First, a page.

(a) the employee has not in the previous ten years claim any benefits under section 201 Tax Consolidation Act 1997 and 

(b) the employee is not a member of a occupational pension scheme, or if a member the employee has irrevocably given up the right to receive a lump sum from the scheme.

Standard Capital Superannuation Benefit (SCSB)

This is an additional benefit an employee may be entitled to and benefits long serving employees with high earnings. It is calculated using the formula 

(A x B) /15 – C

Where 

A = 12 months average of the remuneration from the last three years

B = Number of completed years of service 

C=Any tax free lump sum received or receivable under the employer pension scheme.

Takeaway

If you are receiving a significant sum of money by way of a termination payment arising from the termination of your employment I would strongly recommend that you obtain taxation advice. Failure to do so could lead to an unpleasant surprise and a tax liability.

Categories
Redundancy Unfair Dismissal

Disciplinary Record and Attitude Cannot Be Used in an Objective Selection for Redundancy

redundancy claims
Redundancy selection criteria must be objective

This case involved a man who brought a claim for unfair dismissal arising from his redundancy. His claim was founded on his contention that he was unfairly selected for redundancy and subjective criteria, which are personal to the employee, should not have been considered.

Background

The employer in this case was funded by a Government Department but funding was only going to continue to be available for 7 supervisors, from 9, into the future. One supervisor took voluntary redundancy and one further redundancy was needed.

A redundancy selection matrix and procedure was adopted but the Complainant was sceptical about the criteria being used. An interview panel was set up and interview meetings, along with an application form which had been completed by all supervisors, was used to arrive at the choice of who would be made redundant.

The Complainant was chosen for redundancy and he appealed this decision. His appeal was unsuccessful and the employer’s position was that the Complainant was chosen for redundancy because he had the lowest score of all the applicants.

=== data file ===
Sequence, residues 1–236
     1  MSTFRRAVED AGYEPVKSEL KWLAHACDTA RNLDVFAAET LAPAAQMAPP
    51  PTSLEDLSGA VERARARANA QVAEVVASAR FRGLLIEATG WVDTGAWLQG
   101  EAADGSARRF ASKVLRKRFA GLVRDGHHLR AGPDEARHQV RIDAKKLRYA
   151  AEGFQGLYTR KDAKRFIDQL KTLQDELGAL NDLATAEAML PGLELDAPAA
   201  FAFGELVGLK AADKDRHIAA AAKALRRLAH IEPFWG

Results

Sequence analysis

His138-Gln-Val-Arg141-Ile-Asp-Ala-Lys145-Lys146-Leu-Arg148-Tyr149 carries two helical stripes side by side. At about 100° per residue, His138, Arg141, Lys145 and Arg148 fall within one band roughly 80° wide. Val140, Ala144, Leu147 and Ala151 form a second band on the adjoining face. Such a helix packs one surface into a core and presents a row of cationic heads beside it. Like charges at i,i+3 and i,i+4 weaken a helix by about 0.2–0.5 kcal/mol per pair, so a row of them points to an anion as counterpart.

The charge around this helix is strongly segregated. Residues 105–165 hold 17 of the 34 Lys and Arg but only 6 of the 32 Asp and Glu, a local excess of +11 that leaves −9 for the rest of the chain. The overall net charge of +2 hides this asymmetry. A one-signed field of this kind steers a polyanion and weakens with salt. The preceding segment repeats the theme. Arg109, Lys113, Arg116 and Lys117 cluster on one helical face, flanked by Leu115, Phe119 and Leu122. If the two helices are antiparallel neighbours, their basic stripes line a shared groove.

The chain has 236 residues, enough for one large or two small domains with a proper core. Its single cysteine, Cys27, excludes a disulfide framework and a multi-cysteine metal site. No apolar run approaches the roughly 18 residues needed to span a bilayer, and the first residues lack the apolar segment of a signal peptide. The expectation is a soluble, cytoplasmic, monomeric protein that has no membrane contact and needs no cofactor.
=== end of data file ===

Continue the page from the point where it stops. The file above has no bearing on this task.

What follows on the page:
He received a redundancy payment of €9,336.

The employer defended the redundancy procedure adopted and pointed out that it involved an external HR consultant and a matrix of criteria which would allow scores to be given to the employees.

The employer argued that the function of the WRC was not to look behind the matrix and procedure adopted unless there was manifest unfairness.

The Complainant argued that he had unfairly received a verbal warning in the course of employment and it was unfair, and that the matrix adopted by the employer was unfair and unbalanced. He also argued that last in first out should have been used,which would have saved his employment.

Moreover, he argued that it was improper to use attendance, disciplinary record and attitude towards colleagues in the matrix because these criteria were linked to the person, not the position that was being cut.

He relied on JBC Europe Limited –v- Jerome Ponisi [2012] 23 E.L.R 70 as authority for the proposition that redundancy cannot be used as a cloak for weeding out employees who are perceived to have competence or health or age-related issues.

The complainant also pointed out that a supervisor with 5 years less service scored higher than him in the matrix adopted, and he disagreed with this.

Findings of the WRC adjudication

The adjudicator pointed out that the redundancy must involve a genuinely fair selection process and the termination must arise from a real redundancy. The burden of proof was on the employer to prove it was genuinely redundancy related and must be able to justify the selection process.

The WRC adjudicator was satisfied that a genuine redundancy existed and this was the reason for dismissal. Regarding selection for redundancy she referred to Boucher v Irish Productivity Centre R92/1992 which held:

“to establish that he acted fairly in the selection of each individual employee for redundancy and that where assessments are clearly involved and used as a means for selection that reasonable criteria are applied to all the employees concerned and that any selection for redundancy of the individual employee in the context of such criteria is fairly made”.